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barry slater

Oct 20, 2011 at 10:16

Interest rates not going up is good news ?

Only for some...........for those of us who have saved all our lives and

to use a word that the criminal Gordon Brown often used have been "prudent"

so as not to be a burden on the state.

We are being clobbered.

Lets have 5% back again please

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Oct 20, 2011 at 10:43

stephen57 & Anonymous2 Will you work for the minimum wage? If the answer is no then please do not expect others to do likewise.

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Anonymous 1 needed this 'off the record'

Oct 20, 2011 at 11:29

I'd work for the minimum wage.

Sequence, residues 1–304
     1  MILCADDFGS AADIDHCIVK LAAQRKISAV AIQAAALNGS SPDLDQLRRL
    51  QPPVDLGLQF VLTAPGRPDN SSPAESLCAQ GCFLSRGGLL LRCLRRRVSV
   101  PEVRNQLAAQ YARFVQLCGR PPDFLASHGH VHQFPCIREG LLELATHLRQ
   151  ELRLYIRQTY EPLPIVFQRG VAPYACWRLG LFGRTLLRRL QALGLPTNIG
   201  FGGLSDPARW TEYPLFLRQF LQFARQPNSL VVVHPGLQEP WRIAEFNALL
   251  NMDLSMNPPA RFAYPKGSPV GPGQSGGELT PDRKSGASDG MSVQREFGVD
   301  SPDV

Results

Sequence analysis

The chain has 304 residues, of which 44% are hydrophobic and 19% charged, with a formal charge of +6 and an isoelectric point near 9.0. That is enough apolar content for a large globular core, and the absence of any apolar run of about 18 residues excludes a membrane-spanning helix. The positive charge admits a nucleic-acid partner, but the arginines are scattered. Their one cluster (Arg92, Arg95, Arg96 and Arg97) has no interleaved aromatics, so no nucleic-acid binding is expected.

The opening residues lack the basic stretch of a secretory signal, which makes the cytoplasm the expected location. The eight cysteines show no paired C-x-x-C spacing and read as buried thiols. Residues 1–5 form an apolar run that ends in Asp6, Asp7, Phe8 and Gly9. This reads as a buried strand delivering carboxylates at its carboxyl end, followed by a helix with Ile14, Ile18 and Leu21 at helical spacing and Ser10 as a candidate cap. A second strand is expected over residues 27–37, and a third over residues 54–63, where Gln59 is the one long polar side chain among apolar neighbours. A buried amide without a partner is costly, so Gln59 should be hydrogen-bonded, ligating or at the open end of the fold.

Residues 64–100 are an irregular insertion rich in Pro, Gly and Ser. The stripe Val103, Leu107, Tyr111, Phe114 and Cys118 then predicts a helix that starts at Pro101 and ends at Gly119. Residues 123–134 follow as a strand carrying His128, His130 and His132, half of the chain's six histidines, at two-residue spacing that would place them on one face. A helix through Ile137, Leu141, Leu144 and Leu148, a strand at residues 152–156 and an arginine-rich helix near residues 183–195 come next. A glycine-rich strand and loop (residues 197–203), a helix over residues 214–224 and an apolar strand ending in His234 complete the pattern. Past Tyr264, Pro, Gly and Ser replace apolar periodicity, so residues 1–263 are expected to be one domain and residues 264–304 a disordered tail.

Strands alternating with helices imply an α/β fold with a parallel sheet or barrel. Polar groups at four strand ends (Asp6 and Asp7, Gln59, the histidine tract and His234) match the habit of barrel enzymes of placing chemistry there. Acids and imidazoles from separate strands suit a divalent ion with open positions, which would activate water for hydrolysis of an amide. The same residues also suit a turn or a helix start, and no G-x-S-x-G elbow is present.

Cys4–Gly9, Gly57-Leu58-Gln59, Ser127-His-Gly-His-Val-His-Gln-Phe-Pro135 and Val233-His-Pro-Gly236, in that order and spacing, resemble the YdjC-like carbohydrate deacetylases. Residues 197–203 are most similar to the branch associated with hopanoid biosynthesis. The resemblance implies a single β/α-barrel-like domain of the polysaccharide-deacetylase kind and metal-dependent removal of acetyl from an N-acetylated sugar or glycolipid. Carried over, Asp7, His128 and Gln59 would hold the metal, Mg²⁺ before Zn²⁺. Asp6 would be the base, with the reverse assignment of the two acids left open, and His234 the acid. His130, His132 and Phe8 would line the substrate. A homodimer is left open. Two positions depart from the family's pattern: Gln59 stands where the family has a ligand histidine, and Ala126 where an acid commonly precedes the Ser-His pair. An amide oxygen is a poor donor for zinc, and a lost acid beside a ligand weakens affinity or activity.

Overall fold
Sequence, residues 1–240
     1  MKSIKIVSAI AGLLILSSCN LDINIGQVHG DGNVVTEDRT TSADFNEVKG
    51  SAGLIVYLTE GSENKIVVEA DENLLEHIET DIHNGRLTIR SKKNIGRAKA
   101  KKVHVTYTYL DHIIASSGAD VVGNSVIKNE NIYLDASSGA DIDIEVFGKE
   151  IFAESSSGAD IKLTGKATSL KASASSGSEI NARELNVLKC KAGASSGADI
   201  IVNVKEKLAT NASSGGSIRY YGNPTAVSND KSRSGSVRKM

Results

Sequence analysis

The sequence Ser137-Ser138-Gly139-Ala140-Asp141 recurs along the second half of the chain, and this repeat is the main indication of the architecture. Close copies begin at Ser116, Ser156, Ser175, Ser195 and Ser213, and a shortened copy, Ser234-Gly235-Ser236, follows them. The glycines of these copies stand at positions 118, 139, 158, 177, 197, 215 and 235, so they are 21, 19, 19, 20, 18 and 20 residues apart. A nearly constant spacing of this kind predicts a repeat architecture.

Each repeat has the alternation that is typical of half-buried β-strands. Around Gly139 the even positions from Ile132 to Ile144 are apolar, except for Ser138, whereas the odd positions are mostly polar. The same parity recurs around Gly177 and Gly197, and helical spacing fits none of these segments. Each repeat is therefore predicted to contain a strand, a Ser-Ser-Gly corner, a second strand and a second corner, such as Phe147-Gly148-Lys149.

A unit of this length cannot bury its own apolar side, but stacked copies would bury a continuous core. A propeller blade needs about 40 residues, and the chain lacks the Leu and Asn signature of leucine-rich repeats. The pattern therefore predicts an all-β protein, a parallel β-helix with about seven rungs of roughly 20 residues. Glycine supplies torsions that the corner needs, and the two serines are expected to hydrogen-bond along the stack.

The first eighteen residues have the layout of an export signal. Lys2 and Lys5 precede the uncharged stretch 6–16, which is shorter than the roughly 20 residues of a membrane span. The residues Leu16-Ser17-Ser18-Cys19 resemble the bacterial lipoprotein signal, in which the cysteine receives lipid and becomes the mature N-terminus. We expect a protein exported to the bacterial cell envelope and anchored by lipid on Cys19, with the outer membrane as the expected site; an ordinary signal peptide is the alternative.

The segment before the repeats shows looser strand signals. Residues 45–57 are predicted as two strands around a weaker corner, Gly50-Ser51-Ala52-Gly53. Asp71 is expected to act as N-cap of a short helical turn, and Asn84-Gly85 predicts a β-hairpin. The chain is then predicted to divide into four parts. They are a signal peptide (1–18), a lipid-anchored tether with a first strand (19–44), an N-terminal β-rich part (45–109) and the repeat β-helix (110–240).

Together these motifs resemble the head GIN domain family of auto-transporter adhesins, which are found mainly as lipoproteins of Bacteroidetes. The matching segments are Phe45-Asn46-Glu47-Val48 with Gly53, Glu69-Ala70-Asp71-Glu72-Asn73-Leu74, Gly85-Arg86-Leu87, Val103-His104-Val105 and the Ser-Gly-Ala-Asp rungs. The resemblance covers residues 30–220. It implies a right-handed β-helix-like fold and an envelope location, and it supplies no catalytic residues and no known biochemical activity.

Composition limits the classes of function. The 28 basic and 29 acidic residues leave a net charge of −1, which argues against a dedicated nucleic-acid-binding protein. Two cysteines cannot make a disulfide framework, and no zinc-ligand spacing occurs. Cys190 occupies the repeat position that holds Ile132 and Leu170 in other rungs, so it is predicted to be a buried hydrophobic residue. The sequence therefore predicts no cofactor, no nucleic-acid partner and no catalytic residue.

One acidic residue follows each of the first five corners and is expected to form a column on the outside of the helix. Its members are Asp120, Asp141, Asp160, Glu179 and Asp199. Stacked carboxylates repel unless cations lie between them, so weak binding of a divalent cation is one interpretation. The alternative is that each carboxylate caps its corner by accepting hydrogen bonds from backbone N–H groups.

But only if my cost of living particularly rent and housing costs were a hell of a lot lower. Fact is people cant afford to live for a less than minimum wage job.

Lower rents and house prices is whats needed and then lower wages could be possible.

For those who want a lower minimum wage (for others obviously). How does giving people less money stimulate consumption?

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Anonymous 3 needed this 'off the record'

Oct 20, 2011 at 11:39

This is about educating the people in the west, it is not about borrowing more huge sums (how much does China now own of the USA & UK in Govt. debt) to finance further ridiculous high expenditure in order for western Govt.'s to keep votes.

If you spend more than you earn or tax your wealth will go down, the west is now broke, i.e. we need to bring back soup kitchens and night shelters for the unemployed, not finance lavish lifestyles with ridiculous rent etc. benefits. All Govt. pensions paid should go to means tested, this for a year or more, will be a start. Government salaries should be capped at £100,000 a year and no further benefits.